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Hoosier Musings on the Road to Emmaus

Sunday, June 13, 2004

Sunday sermon

Second Sunday after Pentecost
Proper 6C
Luke 7:36-50

“Do you see this woman?”

That's what he asked. Not in a loud voice, mind you, but it still carried. Everyone heard him-- and then everyone looked at me. And there was nowhere to hide.

I knew I didn’t belong there, knew that I wasn’t welcome. I’m not the kind of person who would be welcome at that kind of dinner. Heck, I’m not the kind of person who’d be welcome serving that kind of dinner. The life I’ve lived... the choices I’ve made... There’s a lot that I’m not proud of, there. Can’t say as I blame them, really.

But this man... this man’s different. I went to hear him earlier, just out of curiosity. He’s caused a bit of a stir around here, you know. It seemed like everybody was talking about that preacher from Nazareth. So I took myself up to where he and his followers were staying, to see what the fuss was about. There was already a crowd when I got there, so I couldn’t hear much. I thought for a moment about trying to push through, to get closer... but no. I’d just get those looks, and hear the muttered comments... and I don’t need any more of that.

But then the crowd shifted, and parted, and they came through. Simon was walking along in the way that powerful men do-- confident and assured, talking and smiling; and Jesus was beside him, listening, nodding his head as they moved along. Then, as they came to where I was standing, he raised his eyes, and he looked at me.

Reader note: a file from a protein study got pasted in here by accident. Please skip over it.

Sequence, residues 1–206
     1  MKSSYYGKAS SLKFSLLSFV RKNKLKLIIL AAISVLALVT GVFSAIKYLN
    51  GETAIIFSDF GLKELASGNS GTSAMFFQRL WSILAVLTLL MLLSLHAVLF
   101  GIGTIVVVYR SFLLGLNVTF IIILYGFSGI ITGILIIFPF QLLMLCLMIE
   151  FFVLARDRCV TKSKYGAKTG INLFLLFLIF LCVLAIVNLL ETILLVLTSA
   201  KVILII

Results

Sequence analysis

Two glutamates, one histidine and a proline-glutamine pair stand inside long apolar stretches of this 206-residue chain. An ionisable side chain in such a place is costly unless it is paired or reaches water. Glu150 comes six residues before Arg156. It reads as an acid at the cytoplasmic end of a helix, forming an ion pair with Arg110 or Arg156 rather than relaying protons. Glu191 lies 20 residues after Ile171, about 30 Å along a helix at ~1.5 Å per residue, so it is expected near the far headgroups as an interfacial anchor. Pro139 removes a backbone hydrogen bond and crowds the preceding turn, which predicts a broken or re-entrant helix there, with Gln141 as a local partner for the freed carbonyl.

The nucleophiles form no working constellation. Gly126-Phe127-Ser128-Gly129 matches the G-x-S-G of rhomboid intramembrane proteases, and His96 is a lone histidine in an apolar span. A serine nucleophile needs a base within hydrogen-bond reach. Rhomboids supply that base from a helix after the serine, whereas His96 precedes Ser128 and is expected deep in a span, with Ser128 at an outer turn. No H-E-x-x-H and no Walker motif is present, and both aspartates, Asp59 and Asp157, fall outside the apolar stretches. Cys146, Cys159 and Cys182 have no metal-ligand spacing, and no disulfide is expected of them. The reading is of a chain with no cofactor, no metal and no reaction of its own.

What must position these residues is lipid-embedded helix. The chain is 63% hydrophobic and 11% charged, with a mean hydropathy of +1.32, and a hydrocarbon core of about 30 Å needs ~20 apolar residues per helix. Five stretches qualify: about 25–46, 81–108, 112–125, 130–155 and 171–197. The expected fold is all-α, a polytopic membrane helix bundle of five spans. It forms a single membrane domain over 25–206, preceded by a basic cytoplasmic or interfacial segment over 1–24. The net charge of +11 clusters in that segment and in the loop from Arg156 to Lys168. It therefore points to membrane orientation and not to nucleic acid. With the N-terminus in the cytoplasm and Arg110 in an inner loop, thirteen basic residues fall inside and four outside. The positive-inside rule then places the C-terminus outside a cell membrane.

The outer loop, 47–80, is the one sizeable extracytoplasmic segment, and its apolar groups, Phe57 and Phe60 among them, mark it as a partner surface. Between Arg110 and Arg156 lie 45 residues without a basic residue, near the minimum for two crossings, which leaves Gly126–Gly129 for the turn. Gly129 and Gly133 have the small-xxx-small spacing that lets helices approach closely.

That sounds so simple, doesn’t it? Almost trivial. “He looked at me.” Looking back, I suppose it really was only for a moment; they moved on, and I doubt that anyone even noticed. Certainly Simon didn’t. But that moment changed me. Because in those dark eyes there was... I don’t know how, but I could tell that he saw who I was, and where I’ve been, and what I’ve done... all of it. And yet, in that knowing, there was no condemnation, no disdain. Nothing but the knowing... and love. It may only have been a moment, but I have never in my life been loved like that.

I followed them, then, to Simon’s house. No, wait, that’s not quite right. I stopped along the way, at a small shop, and bought a jar of ointment. I hardly realized what I was doing-- simply put my bag on the counter, all the money I had, and said , “Give me what this will buy.” I didn’t care, didn’t count the cost. I only knew I needed to do this, needed to have something to give, to offer...

Then I walked-- I ran-- to Simon’s house, and made my way inside, and saw him. I couldn’t help myself; I fell to the ground at his place. I was sobbing... the tears poured down my face, and fell on his feet. He turned, then, and looked at me, again. I had no towel, and my hair had come loose as I ran; so I used it to dry him, before I opened the ointment, warmed it in my hands, and placed it on his skin.

I didn’t need to look up to know what people would be thinking. “Shameless,” they’d whisper; and I guess I was. But I didn’t care.

He and Simon talked then. I don’t remember much of what they said-- until he turned, and pointed to me, and said those words.

“Do you see this woman?”

Then, with all those honored guests looking on, he talked about what I had done. He said that what I had offered him was welcome. That it was more than that important man had offered. That it was acceptable... that I was acceptable. That my past was past, and forgiven, and done.

And then, he spoke to me. Gently, and kindly... to me. “Your faith has saved you,” he said; “Go in peace.” Go, to start again. Go, to be different, better than before. To try to look at others, the way he looked at me. To see beyond sin, and failure, and the trappings of power, and the standards of the world.

See this woman... See this man... See-- as He sees.


Blogger Dawgdays said...

See as he sees...

...Every person as deserving of our love, Christ's love, God's love.

...No person as deserving our disdain, hatred, rejection.

...Every one of us as a child of God.

July 02, 2004 8:45 PM  

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